Troy

1. Saw too much of Brad. Literally and figuratively.
2. Way too sappy. I realize it’s a Greek tradgedy, but I found myself saying: “Come on, let’s move on with the plot” too often
3. The one on one fights were good, the mass battles were boring compared to previous movies in the genre (Gladiator, Braveheart, etc).
4. Movie was too bright- and colors were washed out (could have been the theatre).
5. I found it entertaining, but not much else.
6. I found myself laughing out loud as Orlando Bloom pulled a ‘Legolas’ thing in the end.
7. Eternal life in the movie is presented as ‘having your name live on’ forever (which is a kind of eternity). Of course, those who Know Jesus know there is a true eternity awaiting them.

The most interesting part was hearing phrases like – “The Gods will protect us” and seeing the rituals and stuff (burnt offerings, vows of celibacy) surrounding the idol worship of the time. You had the old guard (King of Troy) that looked at ‘omens’ and ‘bird signs’ and the new guard (Hector) that were more practical and felt the Gods were less involved in the affairs of men.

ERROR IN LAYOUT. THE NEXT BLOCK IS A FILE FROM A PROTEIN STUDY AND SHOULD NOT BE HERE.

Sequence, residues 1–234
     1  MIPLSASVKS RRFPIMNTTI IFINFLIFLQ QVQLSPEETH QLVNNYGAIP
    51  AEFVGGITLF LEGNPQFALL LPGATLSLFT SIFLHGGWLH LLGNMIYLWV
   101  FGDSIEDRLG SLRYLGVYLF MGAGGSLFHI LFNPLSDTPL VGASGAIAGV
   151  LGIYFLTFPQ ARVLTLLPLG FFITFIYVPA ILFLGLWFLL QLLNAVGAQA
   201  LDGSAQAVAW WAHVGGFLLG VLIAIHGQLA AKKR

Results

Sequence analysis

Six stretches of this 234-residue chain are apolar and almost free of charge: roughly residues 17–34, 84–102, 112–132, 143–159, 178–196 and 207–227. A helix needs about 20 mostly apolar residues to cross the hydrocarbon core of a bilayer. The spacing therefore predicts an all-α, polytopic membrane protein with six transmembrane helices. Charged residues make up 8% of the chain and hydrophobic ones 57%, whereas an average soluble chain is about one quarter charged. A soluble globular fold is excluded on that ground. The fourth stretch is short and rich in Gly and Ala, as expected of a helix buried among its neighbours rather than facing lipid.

Now the Greeks made up their Gods to explain why things happened… and the same charge is levied against Christianity by some. Of course, we don’t have eyewitness testimony of Zeus giving a Sermon on the mount or being crucified — which kind of shoots that argument in the foot (or heel ;-).

I see an odd reversal of this in the current church strcutures. The old guard is the mega-church ‘church as a business’ type model, where the church is run on seemingly tried and true business practices (and some business leaders are using church ‘books’ to learn new strategies!). If you took God out, many would continue to operate their programs and have services, bring in new ‘believers,’ and do ‘church.’ The new guard is an emerging movement that feels that the Church is a community, not a business. That if you take God out, the whole thing should crumble.

Now I’m not saying mega-churches are bad. I’m not saying emerging churches are good. Both have pros and cons. What I’m saying is that a church utterly reliant on God to survive is better than one that can operate without God. And if, in the end, our reliance on God causes us to break apart and scatter to the winds- other Churches and bodies of believers will be blessed by it.


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